Eight discourse





*The seven things to be realised by meditation


Arjuna said:


What is that Brahman? What about the Individual Self (Adhyatma)? What is action (Karma), O Purushottama? And what is declared to be the physical region (Adhibhuta)? And what is the divine region (Adhidaiva) said to be? And how and who is Adhiyajna (the Entity concerned with Sacrifice) here in this body, O Madhusudana, and how at the time of death art Thou to be known by the self-controlled?


The Lord proceeds to answer these questions in their order:

The Blessed Lord said:


Brahman is the Imperishable (Akshara), the Supreme. The Ego is said to be the Individual Self (Adhyatma, He who dwells in the body). The offering which causes the origin of physical beings is called action (Karma).



The physical region (Adhibuta) is the perishable existence, and Purusha or the Soul is the divine region (Adhidaivata). The Adhiyajna (Entity concerned with Sacrifice) is Myself, here in the body, O best of the embodied.



And whoso, at the time of death, thinking of Me alone, leaves the body and goes forth, he reaches My being; there is no doubt in this.


*Constant meditation of the Divine is necessary


Not to Me alone does this rule apply; but also:


Of whatever Being thinking at the end a man leaves the body, Him alone, O son of Kunti, reaches he by whom the thought of that Being has been constantly dwelt upon.



Therefore at all times do thou meditate on Me and fight: with mind and reason fixed on Me thou shalt doubtless come to Me alone.


*The Divine Being to be meditated upon




Meditating with the mind engaged in the Yoga of constant practice, not passing over to any thing else, one goes to the Supreme Purusha, the Resplendent, O son of Pritha.


What sort of Purusha does he reach ?—Listen:


Whoso meditates on the Sage, the Ancient, the Ruler, smaller than an atom, the Dispenser of all, of unthinkable nature, glorious like the Sun, beyond the darkness, (whoso meditates on such a Being) at the time of death, with a steady mind endued with devotion and strength of Yoga, well fixing the life-breath betwixt the eye-brows, he reaches that Supreme Purusha Resplendent.


*Meditation of the Divine in the Pranava



That Imperishable Goal which the knowers of the Veda declare, which the self-controlled and the passion-free enter, which desiring they load the godly life, —That Goal will I declare to thee with brevity.



Having closed all the gates, having confined mind in the heart, having fixed his life-breath in the head, engaged in firm Yoga, uttering Brahman, the one-syllabled 'Om,' thinking of Me, whoso departs, leaving the body, he reaches the Supreme Goal.


*No re-birth on attaining to tlie Divine Being.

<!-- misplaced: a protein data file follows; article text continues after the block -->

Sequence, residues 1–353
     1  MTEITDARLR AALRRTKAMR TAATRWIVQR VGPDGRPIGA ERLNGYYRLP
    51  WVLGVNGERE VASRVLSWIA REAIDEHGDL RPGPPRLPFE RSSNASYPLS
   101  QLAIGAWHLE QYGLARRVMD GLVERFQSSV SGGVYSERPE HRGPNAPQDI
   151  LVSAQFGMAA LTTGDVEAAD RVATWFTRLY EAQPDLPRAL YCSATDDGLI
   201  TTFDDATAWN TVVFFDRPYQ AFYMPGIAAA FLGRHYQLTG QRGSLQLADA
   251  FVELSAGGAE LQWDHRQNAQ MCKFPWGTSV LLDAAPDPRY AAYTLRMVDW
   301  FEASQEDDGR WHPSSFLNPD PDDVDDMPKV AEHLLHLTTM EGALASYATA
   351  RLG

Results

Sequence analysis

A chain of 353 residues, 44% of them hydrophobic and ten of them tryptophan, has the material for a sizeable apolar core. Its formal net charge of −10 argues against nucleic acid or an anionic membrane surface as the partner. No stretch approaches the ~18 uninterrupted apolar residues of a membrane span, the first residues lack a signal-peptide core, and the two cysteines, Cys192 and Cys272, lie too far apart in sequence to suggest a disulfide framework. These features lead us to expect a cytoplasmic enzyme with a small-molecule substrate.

Whoso constantly thinks of Me and long, to him I am easily accessible, O son of Pritha, to the ever-devout Yogin.



Having attained to Me, they do not again attain birth, which is the seat of pain and is not eternal, they having reached highest perfection.



(All) worlds including the world of Brahma are subject to returning again, O Arjuna; but, on reaching Me, O son of Kunti, there is no rebirth.


*The Day and the Night of Brahma.



They—those people who know day and night—know that the day of Brahma is a thousand yugas long and the night is a thousand yugas long.



From the Unmanifested all the manifestations proceed at the coming on of day; at the coming on of night they dissolve there only, in what is called the Unmanifested.



This same multitude of beings, having come into being again and again, is dissolved at the coming on of night, not of their will, O son of Pritha, and comes forth at the coming on of day.


*The Highest Goal—how reached



But that other eternal Unmanifested Being, distinct from this Unmanifested (Avyakta), —He does not perish when all creatures perish.



What is called the Unmanifested and the Imperishable, That, they say, is the highest goal; which having reached none return. That is My highest place.



Now, that Highest Purusha, O son of Pritha, within Whom all beings dwell, by Whom all this is pervaded, is attainable by exclusive devotion.


* The Paths of Light and Darkness



Now, in what time departing, Yogins go to return not, as also to return, that time will I tell thee, O chief of the Bharatas.



Fire, light, day-time, the bright fortnight, the six months of the northern solstice,—then departing, men who know Brahman reach Brahman.



Smoke, night-time, and the dark fortnight, the six months of the southern solstice,—attaining by these to the lunar light, the Yogin returns.



These bright and dark Paths of the world are verily deemed eternal; by the one a man goes to return not, by the other he returns again.



Knowing these paths, O son of Pritha, no Yogin is deluded: wherefore at all times be steadfast in Yoga, O Arjuna.


* Excellence of Yoga


Now, hear of the greatness of that Yoga



Whatever fruit of merit is declared to accrue from the Vedas, sacrifices, austerities and gifts,—beyond all this goes the Yogin on knowing this; and he attains to the Supreme Primeval Abode.




Index    Top of page